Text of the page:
"Our music tends to be epic in proportion" says Neil Peart, drummer of the Canadian hard rock trio Rush. "We think big and reach high. I have nothing against short songs, but having to write short becomes an external limitation. You should think big if you have a big idea."
Alex Lifeson plays guitars. Geddy Lee sings and plays bass and eight-voice synthesizers he operates with his foot. Peart says, "I have a toy box of different percussion effects. When we're writing, we make sure the instrumental changes can be physically done. That's a good limitation."
When they're performing, Peart says, "Most of our show is spent with our noses to the grindstone; there's less jumping around and smiling. You have to concentrate at an intense level as things get more technical."
Heavy metal is having a resurgence right now but Rush has been doing well since its fourth, breakthrough album, 2112, in 1976. In 1977, both its 1976 albums, 2112 and All the World's a Stage, were certified gold as well as the 1977 A Farewell To Kings. In 1978 Hemispheres went gold, and this year Permament Waves went gold.
A lot of rock critics who formerly didn't like them, now do, Peart says, because their music has improved. This doesn't include Rolling Stone magazine, which said "Rush's patented sledgehammer epics try to mesh mystical, literary lyrics with elaborate rock 'n' roll suites but they only succeed in turning everything into heavy metal sludge." It mentioned "Free Will" as an exception, "the punchiest, most straightforward rocker on 'Permanent Waves,' " and added. "Also, it's hard not to be impressed by the fact that only three musicians can create such a massive, leaden sound."
Audiences look to be mostly 16 and 17 year-old boys. The group was formed 11 years ago and Peart says "Was turned down by every record company in Canada at least once. The management raised money and recorded the group on an independent label. Moon. It was a last resort but a good resort. That got some sporadic airplay and attracted the attention of Mercury Records."
Rush signed with Mercury in 1974 and Mercury issued the album, "Rush" in the United States. "I wasn't on that album," Peart says "I joined on its release. I was on the first tour and everything."
Peart also became the Rush lyricist. "I'd written two songs long ago. Kind of stabs at it, then forgot about it and went on drumming. I'd always had a fascination with words since I began to read. I'm a voracious reader. I thought why not write lyrics. Neither of them were interested in writing them. I got into it, began shooting my mouth off."
As far as the music goes. Peart says, "I'm able to contribute rhythmic ideas, which is satisfying to me. It's fulfilling enough on a personal side being involved with lyrics. Being drummer at the same time is not only fulfilling, but over the top."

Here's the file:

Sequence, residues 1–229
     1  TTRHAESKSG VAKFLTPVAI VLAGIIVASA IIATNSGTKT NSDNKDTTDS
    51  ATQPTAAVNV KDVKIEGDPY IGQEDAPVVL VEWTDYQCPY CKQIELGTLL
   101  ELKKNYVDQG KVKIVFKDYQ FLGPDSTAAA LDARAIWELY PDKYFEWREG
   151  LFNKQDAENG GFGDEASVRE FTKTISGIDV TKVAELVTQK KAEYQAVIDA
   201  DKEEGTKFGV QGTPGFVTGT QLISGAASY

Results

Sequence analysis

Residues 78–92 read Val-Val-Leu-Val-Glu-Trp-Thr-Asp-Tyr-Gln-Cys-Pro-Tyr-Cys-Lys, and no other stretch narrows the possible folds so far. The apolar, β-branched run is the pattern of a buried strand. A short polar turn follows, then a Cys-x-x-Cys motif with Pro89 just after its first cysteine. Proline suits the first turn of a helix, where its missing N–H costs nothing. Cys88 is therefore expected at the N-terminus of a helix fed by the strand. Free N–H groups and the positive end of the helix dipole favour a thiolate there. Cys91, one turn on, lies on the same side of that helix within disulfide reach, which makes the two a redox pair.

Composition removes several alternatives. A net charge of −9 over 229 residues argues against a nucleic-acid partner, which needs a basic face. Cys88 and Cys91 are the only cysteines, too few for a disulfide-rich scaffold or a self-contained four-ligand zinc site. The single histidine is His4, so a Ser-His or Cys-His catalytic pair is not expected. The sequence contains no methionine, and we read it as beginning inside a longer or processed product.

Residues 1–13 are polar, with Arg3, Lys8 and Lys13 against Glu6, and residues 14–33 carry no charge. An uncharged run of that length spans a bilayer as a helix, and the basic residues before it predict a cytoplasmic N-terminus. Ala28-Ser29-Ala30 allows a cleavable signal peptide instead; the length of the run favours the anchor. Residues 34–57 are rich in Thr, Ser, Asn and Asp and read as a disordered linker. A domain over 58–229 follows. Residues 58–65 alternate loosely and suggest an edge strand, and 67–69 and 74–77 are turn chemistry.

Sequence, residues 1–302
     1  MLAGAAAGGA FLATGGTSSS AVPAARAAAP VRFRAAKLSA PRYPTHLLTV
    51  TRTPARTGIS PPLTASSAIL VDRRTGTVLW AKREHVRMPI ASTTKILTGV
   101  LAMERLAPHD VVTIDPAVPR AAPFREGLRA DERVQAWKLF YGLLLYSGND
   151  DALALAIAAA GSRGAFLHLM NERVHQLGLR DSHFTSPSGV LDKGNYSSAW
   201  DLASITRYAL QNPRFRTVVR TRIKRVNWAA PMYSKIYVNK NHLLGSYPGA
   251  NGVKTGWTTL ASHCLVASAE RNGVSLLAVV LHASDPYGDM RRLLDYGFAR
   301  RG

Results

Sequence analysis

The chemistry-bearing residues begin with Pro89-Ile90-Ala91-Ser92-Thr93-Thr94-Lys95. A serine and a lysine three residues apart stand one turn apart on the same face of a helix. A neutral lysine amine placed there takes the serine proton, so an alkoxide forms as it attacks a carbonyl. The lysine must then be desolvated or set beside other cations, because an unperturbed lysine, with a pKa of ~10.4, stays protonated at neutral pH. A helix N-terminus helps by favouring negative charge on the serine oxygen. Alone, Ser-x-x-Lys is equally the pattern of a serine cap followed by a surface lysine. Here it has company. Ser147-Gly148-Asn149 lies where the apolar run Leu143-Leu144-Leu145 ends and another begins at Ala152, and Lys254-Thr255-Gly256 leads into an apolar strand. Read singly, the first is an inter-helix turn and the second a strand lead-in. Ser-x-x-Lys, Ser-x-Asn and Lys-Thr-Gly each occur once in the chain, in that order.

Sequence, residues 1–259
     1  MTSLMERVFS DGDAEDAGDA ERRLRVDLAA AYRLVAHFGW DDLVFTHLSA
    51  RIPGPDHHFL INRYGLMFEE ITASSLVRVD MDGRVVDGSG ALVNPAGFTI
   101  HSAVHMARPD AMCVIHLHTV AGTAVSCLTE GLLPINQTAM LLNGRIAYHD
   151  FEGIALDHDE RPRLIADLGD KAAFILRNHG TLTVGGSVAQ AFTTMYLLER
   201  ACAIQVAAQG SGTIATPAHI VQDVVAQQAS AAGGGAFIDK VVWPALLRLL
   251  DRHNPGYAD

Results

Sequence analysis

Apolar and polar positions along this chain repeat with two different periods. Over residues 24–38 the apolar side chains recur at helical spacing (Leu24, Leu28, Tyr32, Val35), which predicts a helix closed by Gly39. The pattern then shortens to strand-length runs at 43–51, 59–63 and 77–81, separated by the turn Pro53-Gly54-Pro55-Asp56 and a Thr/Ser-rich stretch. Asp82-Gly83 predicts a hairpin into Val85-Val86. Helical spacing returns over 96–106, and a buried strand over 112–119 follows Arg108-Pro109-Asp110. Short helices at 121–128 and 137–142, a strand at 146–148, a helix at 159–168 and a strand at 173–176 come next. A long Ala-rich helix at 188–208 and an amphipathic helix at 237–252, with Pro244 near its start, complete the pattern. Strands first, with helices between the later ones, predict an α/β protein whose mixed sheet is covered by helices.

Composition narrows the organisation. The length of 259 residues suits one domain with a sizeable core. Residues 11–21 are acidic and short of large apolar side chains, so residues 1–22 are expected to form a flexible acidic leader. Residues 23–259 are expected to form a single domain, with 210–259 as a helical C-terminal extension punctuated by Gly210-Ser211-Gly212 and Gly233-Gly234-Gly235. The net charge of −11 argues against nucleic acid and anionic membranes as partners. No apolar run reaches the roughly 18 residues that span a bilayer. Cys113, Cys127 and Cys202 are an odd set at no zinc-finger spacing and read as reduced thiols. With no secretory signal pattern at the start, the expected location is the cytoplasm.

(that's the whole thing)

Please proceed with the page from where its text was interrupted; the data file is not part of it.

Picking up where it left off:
He adds that he thinks Rush has a good chance of going on together for more years because, "We're pretty much the same in terms of abilities and we grow at the same pace. I've been in bands where one is better than the rest and that leads to difficulties. We share fundamental values, too, which gives our relationship continuity and sincerity." And their ages are about the same - Peart 27. and the other two 26 - but he doesn't think that's an important factor among musicians.
This year Rush has toured from mid-January to mid-June but sometimes, Peart says, they've toured for eight or nine months. They finished an eight-month tour of Canada, the United States and Europe in June of last year and took the first vacation in a long time. "We went home and stayed there, puttered around and led a normal life.
"We all have families. You recapture your home life. All that takes time and it's worth it. You want to make sure those things balance in your life as well. We're not interested in being martyrs."
Then they met at a small farm to put some music together. "I had a lot of phrases and potential titles. We arrived fresh and creative. We weren't so relaxed we couldn't get fired up again. We were ready to get back into action. We were able to work more quickly and comfortably than we had done in the past, when we'd rush right into a studio after a tour and compose, rehearse and arrange everything and make it sound like we'd been playing it for six months. That works. I'm happy with some of the things we've done that way. But it's not a proper way to do it. We did a short tour to get us in shape to go in the studio. Half the new album was being played every day for that time.
"So, it was much easier, to record side one than side two. As far as the listener goes, I don't feel there's a difference in the two sides. One piece, 'Natural Science,' was created entirely in the studio. I think it's my best lyric writing and one of the best musically. I love playing it every night."
When Rush started in the United States, Mahogany Rush, a trio from Montreal, also was starting. There was some confusion, which has disappeared, Peart says. The name of the new album, Permanent Waves, refers to the album cover. In black and white, like the old movies the group likes, it's an attempt to be a bit humorous. A girl is walking across a street, "unbothered by cataclysmic events taking place around her." She has a permanent wave. There's a tidal wave. A man is waving. Across the picture runs the wave of an electrocardiogram. Peart says, "We were thinking of the press calling the music 'old wave.' It's like: how many birds can you find hidden in this drawing'...
"A lot of our records have been thematic and metaphorical in the past. In this one the work is serious and strong and sincere, presented in a more lighthearted package. It's a conscious and subconscious attempt not to take ourselves so seriously."